MGSE5.NF.3 Interpret a fraction as division of the numerator by the denominator (a/b = a ÷ b). Solve word problems involving division of whole numbers leading to answers in the form of fractions or mixed numbers, e.g., by using visual fraction models or equations to represent the problem. Example: 3 5 can be interpreted as “3 divided by 5 and as 3 shared by 5”.
MGSE5.NF.4 Apply and extend previous understandings of multiplication to multiply a fraction or whole number by a fraction. a. Apply and use understanding of multiplication to multiply a fraction or whole number by a fraction. Examples: 𝑎 𝑏 × 𝑞 as 𝑎 𝑏 × 𝑞 1 and 𝑎 𝑏 × 𝑐 𝑑 = 𝑎𝑎 𝑏𝑏 b. Find the area of a rectangle with fractional side lengths by tiling it with unit squares of the appropriate unit fraction side lengths, and show that the area is the same as would be found by multiplying the side lengths.
MGSE5.NF.5 Interpret multiplication as scaling (resizing), by:
a. Comparing the size of a product to the size of one factor on the basis of the size of the other factor, without performing the indicated multiplication. Example: 4 x 10 is twice as large as 2 x 10.
b. Explaining why multiplying a given number by a fraction greater than 1 results in a product greater than the given number (recognizing multiplication by whole numbers greater than 1 as a familiar case); explaining why multiplying a given number by a fraction less than 1 results in a product smaller than the given number; and relating the principle of fraction equivalence a/b = (n×a)/(n×b) to the effect of multiplying a/b by 1.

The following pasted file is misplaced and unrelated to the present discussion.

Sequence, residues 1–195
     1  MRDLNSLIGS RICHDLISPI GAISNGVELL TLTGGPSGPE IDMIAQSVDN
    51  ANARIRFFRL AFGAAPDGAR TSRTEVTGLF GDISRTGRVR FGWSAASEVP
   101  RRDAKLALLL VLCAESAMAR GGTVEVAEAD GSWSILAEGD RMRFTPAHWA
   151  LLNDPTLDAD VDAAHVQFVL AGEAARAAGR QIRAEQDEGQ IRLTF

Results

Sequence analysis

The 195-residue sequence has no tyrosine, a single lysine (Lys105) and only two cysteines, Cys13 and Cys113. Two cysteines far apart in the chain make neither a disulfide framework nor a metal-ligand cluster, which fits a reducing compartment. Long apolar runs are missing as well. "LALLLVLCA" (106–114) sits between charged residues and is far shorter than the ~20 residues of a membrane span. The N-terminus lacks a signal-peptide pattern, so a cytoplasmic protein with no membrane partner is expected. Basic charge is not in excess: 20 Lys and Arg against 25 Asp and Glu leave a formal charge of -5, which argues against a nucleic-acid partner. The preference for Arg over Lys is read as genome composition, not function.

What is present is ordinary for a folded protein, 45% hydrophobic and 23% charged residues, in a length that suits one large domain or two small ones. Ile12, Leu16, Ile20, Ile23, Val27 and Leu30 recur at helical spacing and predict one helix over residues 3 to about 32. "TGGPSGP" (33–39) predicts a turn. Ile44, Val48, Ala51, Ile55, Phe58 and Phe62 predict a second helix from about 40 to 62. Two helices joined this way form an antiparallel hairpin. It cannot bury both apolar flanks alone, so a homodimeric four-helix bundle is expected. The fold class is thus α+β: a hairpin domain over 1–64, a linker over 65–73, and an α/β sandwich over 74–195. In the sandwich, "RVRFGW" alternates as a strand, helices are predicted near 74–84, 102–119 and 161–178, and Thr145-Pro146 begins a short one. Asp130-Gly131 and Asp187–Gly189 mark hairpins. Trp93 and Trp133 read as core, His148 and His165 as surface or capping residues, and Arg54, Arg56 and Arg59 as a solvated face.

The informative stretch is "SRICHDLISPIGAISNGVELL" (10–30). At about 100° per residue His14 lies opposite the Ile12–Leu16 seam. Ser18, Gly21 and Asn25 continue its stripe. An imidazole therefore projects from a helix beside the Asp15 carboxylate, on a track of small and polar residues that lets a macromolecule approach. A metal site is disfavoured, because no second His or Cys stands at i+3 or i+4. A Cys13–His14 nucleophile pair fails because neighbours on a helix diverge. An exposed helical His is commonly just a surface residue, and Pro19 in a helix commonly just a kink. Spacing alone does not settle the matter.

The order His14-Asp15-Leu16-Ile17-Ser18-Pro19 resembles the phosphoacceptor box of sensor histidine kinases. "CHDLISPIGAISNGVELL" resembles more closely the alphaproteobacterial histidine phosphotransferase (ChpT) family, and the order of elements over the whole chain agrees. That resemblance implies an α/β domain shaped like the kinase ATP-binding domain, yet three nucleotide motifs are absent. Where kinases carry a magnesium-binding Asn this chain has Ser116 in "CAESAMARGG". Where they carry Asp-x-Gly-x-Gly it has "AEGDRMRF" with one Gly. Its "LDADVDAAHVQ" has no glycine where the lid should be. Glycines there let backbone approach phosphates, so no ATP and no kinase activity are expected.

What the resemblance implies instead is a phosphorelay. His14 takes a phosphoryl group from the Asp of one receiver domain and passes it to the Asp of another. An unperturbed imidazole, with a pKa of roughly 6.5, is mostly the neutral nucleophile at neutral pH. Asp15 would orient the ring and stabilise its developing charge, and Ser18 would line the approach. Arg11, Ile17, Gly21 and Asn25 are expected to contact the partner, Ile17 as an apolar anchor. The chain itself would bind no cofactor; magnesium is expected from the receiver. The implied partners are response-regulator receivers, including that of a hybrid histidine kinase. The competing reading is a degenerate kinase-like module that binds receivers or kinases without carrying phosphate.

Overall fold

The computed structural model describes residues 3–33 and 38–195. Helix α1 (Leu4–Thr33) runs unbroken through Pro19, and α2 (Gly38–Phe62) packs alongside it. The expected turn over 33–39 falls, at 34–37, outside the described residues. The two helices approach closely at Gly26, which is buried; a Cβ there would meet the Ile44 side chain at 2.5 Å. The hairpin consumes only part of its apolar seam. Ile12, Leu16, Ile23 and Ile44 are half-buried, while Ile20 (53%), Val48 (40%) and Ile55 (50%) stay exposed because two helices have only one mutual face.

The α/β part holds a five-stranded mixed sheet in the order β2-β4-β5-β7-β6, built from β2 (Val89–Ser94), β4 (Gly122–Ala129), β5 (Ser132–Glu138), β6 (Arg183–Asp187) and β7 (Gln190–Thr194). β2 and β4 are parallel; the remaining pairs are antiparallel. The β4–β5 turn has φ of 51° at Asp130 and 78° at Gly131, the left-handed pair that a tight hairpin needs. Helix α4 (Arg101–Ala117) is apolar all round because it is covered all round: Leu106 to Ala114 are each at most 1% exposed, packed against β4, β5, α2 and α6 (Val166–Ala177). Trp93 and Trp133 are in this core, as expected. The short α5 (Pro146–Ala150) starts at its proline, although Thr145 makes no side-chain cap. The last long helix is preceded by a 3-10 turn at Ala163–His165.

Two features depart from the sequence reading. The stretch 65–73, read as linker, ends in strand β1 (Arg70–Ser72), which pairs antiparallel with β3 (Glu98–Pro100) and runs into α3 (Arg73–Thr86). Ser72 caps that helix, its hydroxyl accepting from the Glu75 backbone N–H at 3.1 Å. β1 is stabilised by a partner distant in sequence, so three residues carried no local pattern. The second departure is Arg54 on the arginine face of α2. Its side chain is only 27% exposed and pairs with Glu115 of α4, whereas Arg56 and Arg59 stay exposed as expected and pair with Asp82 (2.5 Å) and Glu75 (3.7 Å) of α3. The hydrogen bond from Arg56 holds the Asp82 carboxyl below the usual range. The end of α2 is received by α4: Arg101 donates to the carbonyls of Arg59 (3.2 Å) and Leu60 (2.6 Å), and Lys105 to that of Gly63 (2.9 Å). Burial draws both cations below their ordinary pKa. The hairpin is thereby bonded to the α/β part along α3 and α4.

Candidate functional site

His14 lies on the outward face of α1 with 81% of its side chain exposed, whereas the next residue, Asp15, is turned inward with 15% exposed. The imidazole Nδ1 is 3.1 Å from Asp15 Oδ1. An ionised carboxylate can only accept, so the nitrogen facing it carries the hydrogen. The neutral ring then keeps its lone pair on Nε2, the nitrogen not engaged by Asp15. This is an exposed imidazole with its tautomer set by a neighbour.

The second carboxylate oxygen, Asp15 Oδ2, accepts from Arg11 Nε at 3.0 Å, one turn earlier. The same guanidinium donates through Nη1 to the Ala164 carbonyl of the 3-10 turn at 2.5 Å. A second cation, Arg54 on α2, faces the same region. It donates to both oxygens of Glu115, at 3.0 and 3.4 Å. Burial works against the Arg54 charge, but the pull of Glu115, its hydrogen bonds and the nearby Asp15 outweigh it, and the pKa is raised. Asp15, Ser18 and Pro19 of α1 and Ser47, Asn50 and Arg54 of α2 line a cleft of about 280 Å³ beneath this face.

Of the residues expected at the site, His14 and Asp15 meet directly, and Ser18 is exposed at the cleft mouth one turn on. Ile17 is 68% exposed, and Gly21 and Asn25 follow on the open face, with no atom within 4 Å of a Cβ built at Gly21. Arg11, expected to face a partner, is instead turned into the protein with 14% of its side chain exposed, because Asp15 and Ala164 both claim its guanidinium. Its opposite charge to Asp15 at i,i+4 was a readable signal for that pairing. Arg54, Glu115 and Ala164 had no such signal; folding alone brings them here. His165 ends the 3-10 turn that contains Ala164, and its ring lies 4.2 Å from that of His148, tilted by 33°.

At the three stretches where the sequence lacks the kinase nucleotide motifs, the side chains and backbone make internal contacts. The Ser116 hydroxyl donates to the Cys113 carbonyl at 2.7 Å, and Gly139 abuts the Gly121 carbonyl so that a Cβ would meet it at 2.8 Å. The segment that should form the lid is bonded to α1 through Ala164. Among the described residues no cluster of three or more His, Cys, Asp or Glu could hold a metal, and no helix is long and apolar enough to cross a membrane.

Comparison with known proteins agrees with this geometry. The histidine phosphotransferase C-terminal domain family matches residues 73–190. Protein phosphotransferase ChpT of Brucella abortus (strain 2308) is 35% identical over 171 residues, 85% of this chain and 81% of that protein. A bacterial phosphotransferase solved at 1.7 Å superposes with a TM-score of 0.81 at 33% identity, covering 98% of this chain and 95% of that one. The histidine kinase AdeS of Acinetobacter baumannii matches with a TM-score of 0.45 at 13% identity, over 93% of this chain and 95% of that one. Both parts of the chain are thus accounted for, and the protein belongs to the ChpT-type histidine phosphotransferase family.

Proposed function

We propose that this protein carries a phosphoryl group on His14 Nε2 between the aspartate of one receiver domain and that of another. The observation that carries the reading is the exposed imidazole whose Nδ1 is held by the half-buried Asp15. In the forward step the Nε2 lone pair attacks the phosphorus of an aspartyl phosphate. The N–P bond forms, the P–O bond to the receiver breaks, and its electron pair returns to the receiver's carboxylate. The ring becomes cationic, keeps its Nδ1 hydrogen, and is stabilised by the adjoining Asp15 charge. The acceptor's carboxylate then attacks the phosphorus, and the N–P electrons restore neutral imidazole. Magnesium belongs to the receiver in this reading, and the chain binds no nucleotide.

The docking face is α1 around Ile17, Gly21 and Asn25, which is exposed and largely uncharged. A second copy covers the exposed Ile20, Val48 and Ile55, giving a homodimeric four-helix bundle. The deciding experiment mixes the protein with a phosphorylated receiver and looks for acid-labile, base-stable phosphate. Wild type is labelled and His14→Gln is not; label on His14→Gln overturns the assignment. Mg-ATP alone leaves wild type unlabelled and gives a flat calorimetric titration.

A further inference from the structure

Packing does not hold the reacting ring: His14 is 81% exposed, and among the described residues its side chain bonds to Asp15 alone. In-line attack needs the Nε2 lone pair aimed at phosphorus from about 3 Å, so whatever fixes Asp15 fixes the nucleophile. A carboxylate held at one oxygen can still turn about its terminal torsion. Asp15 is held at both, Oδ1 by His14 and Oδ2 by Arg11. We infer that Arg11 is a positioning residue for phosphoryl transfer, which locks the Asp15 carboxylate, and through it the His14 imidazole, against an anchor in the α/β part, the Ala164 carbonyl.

MGSE5.NF.6 Solve real world problems involving multiplication of fractions and mixed numbers, e.g., by using visual fraction models or equations to represent the problem.
MGSE5.NF.7 Apply and extend previous understandings of division to divide unit fractions by whole numbers and whole numbers by unit fractions.
a. Interpret division of a unit fraction by a non-zero whole number, and compute such quotients. For example, create a story context for (1/3) ÷ 4, and use a visual fraction model to show the quotient. Use the relationship between multiplication and division to explain that (1/3) ÷ 4 = 1/12 because (1/12) × 4 = 1/3.
b. Interpret division of a whole number by a unit fraction, and compute such quotients. For example, create a story context for 4 ÷ (1/5), and use a visual fraction model to show the quotient. Use the relationship between multiplication and division to explain that 4 ÷ (1/5) = 20 because 20 × (1/5) = 4.
c. Solve real world problems involving division of unit fractions by non-zero whole numbers and division of whole numbers by unit fractions, e.g., by using visual fraction models and equations to represent the problem. For example, how much chocolate will each person get if 3 people share 1/2 lb of chocolate equally? How many 1/3-cup servings are in 2 cups of raisins?
Measurement and Data
5.MD Convert like measurement units within a given measurement system.
MGSE5.MD.1 Convert among different-sized standard measurement units (mass, weight, length, time, etc.) within a given measurement system (customary and metric) (e.g., convert 5cm to 0.05m), and use these conversions in solving multi-step, real world problems. Represent and interpret data.